Biden picks retired General Lloyd Austin to run Pentagon


President-elect Joe Biden has selected Retired Gen. Lloyd Austin to serve as Secretary of Defence

If confirmed, Austin would be the first Black person to lead the Pentagon.

In picking Austin, the president-elect has chosen a barrier-breaking former four-star officer who was the first Black General to command an Army division in combat and the first to oversee an entire theater of operations.

Austin, who also ran U.S. Central Command before retiring in 2016, emerged as a top-tier candidate in recent days after initially being viewed as a longshot for the job. Michèle Flournoy, Obama’s former Pentagon policy chief, was initially viewed as the frontrunner, but her name was notably absent from Biden’s rollout of key members of his national security team two weeks ago.

Biden had been under growing pressure to nominate a Black person to be his defense secretary in recent weeks. He chose Austin after also considering former Homeland Security Secretary Jeh Johnson for the job, several people familiar with the discussions said.

“General Austin is a southerner, has impeccable credentials given his military career and would be an outstanding secretary for the department,” Rep. Bennie Thompson (D-Miss.), a CBC member who is close to Biden, told POLITICO earlier Monday.

A person familiar with Biden’s decision said the president-elect chose Austin because he is crisis-tested and respected across the military. Biden also trusts Austin, as they worked together when Biden served as vice president and had a large foreign policy portfolio.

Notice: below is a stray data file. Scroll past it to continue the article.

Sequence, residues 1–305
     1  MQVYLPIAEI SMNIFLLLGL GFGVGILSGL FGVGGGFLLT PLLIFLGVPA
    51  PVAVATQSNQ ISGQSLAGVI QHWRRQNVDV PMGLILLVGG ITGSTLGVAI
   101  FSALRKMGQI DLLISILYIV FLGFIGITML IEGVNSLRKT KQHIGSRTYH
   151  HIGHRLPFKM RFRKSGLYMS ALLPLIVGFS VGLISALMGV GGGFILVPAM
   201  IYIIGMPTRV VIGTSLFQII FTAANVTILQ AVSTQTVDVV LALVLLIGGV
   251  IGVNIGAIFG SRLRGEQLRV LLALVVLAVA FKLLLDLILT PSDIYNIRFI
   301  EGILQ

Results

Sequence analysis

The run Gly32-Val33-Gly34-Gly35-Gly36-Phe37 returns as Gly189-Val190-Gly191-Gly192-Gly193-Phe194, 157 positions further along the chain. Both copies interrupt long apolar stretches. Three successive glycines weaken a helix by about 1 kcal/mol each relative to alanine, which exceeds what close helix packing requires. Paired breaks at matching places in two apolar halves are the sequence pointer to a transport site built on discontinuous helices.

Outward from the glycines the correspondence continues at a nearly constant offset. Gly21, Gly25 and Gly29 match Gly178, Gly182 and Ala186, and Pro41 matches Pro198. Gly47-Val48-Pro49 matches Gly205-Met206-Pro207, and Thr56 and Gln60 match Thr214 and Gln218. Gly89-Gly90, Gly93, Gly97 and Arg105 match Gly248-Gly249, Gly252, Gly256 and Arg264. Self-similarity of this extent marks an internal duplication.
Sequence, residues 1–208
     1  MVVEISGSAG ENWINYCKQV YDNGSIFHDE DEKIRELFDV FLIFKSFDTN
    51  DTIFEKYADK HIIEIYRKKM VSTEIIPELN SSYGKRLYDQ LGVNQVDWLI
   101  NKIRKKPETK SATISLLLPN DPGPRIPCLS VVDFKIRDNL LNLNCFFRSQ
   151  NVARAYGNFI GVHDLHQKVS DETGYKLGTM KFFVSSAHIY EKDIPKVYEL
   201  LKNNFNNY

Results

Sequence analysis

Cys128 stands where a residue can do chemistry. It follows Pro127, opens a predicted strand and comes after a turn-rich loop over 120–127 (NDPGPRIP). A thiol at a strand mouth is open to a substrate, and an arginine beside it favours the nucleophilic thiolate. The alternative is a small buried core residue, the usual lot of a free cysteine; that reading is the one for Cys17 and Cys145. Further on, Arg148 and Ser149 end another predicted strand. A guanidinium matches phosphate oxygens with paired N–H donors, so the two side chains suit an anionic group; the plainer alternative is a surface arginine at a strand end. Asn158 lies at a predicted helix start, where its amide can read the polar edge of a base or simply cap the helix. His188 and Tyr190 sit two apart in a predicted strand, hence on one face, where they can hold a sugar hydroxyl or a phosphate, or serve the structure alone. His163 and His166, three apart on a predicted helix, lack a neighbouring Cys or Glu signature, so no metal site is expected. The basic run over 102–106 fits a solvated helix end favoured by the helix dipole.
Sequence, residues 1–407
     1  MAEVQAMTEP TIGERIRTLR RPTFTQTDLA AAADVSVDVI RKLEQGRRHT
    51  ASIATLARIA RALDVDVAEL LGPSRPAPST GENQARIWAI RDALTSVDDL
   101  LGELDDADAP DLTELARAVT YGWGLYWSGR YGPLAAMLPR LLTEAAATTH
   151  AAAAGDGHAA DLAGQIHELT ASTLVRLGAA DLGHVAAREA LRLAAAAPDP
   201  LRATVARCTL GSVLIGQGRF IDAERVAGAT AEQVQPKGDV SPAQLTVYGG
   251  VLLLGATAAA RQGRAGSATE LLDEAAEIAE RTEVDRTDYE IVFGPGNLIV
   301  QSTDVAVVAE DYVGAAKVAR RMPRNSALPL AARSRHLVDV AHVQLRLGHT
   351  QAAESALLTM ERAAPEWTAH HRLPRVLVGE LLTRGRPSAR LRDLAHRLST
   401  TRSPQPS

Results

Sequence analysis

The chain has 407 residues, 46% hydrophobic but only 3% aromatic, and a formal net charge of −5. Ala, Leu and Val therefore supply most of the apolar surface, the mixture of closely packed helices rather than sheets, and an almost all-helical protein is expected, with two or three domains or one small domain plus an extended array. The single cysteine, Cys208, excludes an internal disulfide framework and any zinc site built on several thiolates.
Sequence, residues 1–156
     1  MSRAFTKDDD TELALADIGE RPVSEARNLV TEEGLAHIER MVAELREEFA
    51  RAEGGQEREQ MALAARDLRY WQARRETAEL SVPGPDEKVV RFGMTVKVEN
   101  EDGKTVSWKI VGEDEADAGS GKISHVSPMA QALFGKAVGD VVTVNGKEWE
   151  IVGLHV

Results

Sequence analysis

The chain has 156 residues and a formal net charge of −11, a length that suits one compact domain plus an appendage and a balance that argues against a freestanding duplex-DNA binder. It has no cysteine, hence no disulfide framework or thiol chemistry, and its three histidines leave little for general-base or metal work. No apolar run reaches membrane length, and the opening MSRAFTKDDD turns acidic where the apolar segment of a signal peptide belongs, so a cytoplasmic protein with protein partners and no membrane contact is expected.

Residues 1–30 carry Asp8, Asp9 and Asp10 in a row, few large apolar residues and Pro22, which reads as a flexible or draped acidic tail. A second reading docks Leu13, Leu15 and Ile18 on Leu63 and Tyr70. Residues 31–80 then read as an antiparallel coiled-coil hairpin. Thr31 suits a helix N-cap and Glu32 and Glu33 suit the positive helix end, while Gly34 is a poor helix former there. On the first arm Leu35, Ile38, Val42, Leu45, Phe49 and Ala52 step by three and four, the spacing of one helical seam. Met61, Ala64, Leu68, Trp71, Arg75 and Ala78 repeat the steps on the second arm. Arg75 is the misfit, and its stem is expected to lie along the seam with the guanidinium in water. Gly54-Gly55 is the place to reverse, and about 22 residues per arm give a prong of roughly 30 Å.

The president-elect was also drawn to the history-making aspect of Austin’s nomination and his deep logistics experience, which will prove critical as the military helps distribute coronavirus vaccines, the person said.

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Biden offered Austin the job Sunday, and he accepted the same day, the person added.

Biden and Austin got to know each other during the Obama administration’s Iraq drawdown, when the former vice president led Iraq policy and Austin served as the last commanding general of U.S. forces in Iraq. In that position, Austin played a key role in the surge of forces that began in 2007 and was in charge of the withdrawal of U.S. combat forces in 2011.

General Austin achieved a number of notable “firsts” over the course of his career. He was the first African American general officer to command a U.S. Army Division in combat (10th Mountain Division/Combined Joint Task Force-180).

He was the first African American General officer to lead a Corps in combat (XVIIIth Airborne Corps/Multi-National Corps-Iraq).

He was the first African American General officer to command an entire theater of war (U.S. Forces-Iraq). He was also the first African American to serve as the Vice Chief of Staff of the Army and as Commander of U.S. Central Command.

He holds a Bachelor of Science degree from the U.S. Military Academy (USMA), a Master’s Degree in Education from Auburn University, and a Master’s Degree in Business Management from Webster University.

General Austin and his wife, Charlene reside in Great Falls, VA.

General Austin’s many awards and decorations include five Defense Distinguished Service Medals, the country’s highest non-combat related military award; three Distinguished Service Medals; the Silver Star, our nation’s third highest award for valor in combat; and two Legions of Merit.

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